Full Article

Credit: NASA/JPL-Caltech

First Sampling Hole in Mount Sharp  “This image from the Mars Hand Lens Imager (MAHLI) camera on NASA’s Curiosity Mars rover shows the first sample-collection hole drilled in Mount Sharp, the layered mountain that is the science destination of the rover’s extended mission.”

source: NASA Jet Propulsion Labrotory

With the 2015 Humans 2 Mars Summit approaching, we’d like to briefly recognize an esteemed interviewee in ‘Fight for Space’ whose credentials we would have to create an entirely new film to expand upon – Dr. Robert Zubrin.

Zubrin - president of Pioneer Astronautics and The Mars Society; founder of Pioneer Energy; senior engineer at Martin Marietta/Lockheed Martin; author of over 200 non/technical patents and 5 books - effectively changed the way we viewed the “progress” NASA has made regarding human spaceflight since the return of the last-on-the-moon Apollo 17 astronauts. 

Robert, at age 5, experienced the launch of Sputnik and the K-9 Laika to orbit, which essentially lofted him into a trajectory of enthusiasm and inspiration for space exploration, dreaming of what it would or could mean for humanity. Enamored with science fiction literature, Zubrin saw these historic endeavors as stepping stones toward science fiction becoming fact within his lifetime. At 9 years old, John F. Kennedy’s “Moon Speech” solidified his passion. The Moon by 1970, Mars by 1980, Saturn by 1990, and Alpha Centauri by the year 2000. These were realistic achievements seemingly within our grasp with a committed effort to developing a spacefaring culture, and he was witnessing it unfold in front of his youthful eyes.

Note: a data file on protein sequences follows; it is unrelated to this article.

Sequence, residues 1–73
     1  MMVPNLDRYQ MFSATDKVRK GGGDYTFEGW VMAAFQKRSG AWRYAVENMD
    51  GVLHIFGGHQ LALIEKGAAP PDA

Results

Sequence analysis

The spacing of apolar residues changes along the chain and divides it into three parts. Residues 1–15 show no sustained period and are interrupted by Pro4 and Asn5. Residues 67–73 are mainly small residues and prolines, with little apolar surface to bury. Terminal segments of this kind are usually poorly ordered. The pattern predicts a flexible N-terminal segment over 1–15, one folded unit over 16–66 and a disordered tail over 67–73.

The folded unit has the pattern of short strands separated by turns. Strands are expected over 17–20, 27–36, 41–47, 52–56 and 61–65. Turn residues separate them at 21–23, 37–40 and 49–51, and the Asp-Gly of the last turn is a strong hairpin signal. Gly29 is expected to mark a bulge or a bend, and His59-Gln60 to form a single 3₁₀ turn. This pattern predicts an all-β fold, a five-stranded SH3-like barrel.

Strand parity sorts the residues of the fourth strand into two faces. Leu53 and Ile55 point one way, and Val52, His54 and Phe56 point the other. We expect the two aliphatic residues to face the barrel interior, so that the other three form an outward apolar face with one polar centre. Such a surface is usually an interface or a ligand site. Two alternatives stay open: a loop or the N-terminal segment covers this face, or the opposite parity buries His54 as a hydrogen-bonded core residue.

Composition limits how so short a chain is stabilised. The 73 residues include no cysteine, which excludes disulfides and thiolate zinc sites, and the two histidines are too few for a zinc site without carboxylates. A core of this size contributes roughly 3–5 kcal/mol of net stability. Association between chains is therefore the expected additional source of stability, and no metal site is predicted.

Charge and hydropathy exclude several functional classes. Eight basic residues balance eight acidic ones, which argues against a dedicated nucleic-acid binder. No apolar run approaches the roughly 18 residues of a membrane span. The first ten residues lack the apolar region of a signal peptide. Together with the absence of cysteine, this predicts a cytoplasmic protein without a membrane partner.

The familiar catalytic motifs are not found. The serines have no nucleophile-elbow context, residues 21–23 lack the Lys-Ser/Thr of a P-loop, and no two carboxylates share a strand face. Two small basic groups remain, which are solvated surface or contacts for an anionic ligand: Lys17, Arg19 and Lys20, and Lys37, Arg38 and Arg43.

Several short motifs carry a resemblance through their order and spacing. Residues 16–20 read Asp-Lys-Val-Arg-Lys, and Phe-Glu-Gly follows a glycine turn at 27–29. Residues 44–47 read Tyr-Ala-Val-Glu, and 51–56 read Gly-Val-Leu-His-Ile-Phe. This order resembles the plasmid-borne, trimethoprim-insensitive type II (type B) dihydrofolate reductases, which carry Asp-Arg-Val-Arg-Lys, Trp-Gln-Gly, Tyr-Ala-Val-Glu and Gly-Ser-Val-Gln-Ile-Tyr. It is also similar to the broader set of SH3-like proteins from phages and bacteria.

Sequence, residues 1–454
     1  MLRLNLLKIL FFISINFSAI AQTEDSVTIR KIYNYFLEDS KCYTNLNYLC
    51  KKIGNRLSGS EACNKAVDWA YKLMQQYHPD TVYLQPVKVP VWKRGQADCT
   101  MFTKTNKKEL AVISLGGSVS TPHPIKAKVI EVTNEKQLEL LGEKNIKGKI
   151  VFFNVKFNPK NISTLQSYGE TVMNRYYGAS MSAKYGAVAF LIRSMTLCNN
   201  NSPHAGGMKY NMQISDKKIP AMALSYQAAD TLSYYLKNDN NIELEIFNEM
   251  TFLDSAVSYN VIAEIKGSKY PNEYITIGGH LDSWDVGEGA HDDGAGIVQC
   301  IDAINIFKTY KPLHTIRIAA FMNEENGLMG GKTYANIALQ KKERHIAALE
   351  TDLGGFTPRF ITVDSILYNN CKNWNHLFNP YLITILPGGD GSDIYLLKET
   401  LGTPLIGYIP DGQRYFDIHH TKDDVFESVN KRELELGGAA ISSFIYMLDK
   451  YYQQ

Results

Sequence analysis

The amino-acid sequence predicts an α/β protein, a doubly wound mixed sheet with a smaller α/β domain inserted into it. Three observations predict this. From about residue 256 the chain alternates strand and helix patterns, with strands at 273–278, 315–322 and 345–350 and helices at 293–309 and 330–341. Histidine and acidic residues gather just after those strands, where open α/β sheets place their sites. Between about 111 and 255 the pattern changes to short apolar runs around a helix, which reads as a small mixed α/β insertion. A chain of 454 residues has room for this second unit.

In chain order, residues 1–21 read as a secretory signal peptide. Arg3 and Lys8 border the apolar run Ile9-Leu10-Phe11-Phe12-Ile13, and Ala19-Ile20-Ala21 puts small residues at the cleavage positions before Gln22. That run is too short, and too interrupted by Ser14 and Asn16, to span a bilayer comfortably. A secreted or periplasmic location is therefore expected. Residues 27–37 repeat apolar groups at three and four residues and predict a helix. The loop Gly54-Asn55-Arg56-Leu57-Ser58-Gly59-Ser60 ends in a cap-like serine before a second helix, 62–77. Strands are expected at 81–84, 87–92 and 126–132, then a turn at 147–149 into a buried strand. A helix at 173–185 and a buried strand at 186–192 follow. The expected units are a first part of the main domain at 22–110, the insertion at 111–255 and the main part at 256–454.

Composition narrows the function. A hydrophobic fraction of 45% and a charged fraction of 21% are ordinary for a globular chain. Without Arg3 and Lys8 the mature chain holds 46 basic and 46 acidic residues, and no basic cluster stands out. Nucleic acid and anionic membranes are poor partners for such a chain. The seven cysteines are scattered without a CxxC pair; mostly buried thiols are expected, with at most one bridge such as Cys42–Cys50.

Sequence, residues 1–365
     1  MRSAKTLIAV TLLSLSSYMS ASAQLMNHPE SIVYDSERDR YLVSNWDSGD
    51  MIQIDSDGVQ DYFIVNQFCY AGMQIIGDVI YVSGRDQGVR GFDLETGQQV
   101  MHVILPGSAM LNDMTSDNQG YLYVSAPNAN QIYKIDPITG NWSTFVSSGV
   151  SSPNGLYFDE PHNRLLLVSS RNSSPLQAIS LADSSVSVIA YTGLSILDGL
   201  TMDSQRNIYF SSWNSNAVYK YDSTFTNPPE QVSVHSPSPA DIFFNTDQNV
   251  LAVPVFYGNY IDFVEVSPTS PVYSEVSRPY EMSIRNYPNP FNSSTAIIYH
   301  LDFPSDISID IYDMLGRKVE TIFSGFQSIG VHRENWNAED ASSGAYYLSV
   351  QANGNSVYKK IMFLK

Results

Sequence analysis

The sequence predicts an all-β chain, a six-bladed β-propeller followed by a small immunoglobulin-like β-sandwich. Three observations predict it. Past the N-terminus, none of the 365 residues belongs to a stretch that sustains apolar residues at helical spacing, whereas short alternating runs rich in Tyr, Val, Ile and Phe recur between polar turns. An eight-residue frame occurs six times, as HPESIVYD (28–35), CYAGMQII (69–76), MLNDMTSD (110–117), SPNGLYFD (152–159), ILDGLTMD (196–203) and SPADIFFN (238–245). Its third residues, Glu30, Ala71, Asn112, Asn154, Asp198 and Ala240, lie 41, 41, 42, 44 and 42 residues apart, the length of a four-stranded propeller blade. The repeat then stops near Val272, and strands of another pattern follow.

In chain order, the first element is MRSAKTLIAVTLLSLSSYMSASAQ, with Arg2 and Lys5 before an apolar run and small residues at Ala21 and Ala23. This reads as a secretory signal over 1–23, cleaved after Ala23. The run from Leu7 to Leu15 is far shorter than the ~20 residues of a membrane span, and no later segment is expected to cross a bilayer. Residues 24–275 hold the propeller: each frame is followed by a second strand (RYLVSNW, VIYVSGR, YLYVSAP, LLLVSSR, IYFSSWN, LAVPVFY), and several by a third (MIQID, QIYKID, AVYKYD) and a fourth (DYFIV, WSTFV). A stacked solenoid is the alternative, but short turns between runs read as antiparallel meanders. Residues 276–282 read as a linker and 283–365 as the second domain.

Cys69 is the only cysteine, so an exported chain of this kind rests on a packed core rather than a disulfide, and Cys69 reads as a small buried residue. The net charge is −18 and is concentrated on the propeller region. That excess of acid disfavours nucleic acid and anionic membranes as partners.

However, upon reaching the Moon (before 1970), the Nixon Administration closed the book on these space faring ambitions, which, to teenage Zubrin, was analogous to Columbus returning from the New World and having Queen Isabella and Ferdinand direct Columbus and his crew to “burn the ships.” Robert was crushed. Temporarily accepting defeat, he continued his passion for science through teaching and academia, Zubrin eventually recommitted to his goal of space exploration by pursuing graduate school, earning advanced engineering degrees, became an aeronautical engineer, and the rest is not only history, it’s a large part of Robert’s influence regarding his involvement with achieving humans to Mars as the national imperative for the human advancement into space. 

In the video below (courtesy of the Nation Space Society), Zubrin expands upon this by addressing the importance of space exploration from the point of view that our options are limited to either a closed or open future for humanity, asserting, 

The space program makes this statement loud and clear: we’re not living in the end of history, we are living in the beginning of history; and freedom, rather than something that must be ended, it should be something that must be liberated everywhere and for all time. This is what we stand for, this is the fight that we fight.

Robert Zubrin embodies the advocation of our explorative and curious nature, and it’s in that single statement (and the above interview) why he is a true ambassador in the #FightforSpace. A more insightful interview series with Zubrin was conducted by MoonandbackGuy (parts 1, 2, 3) which compliment the above clip.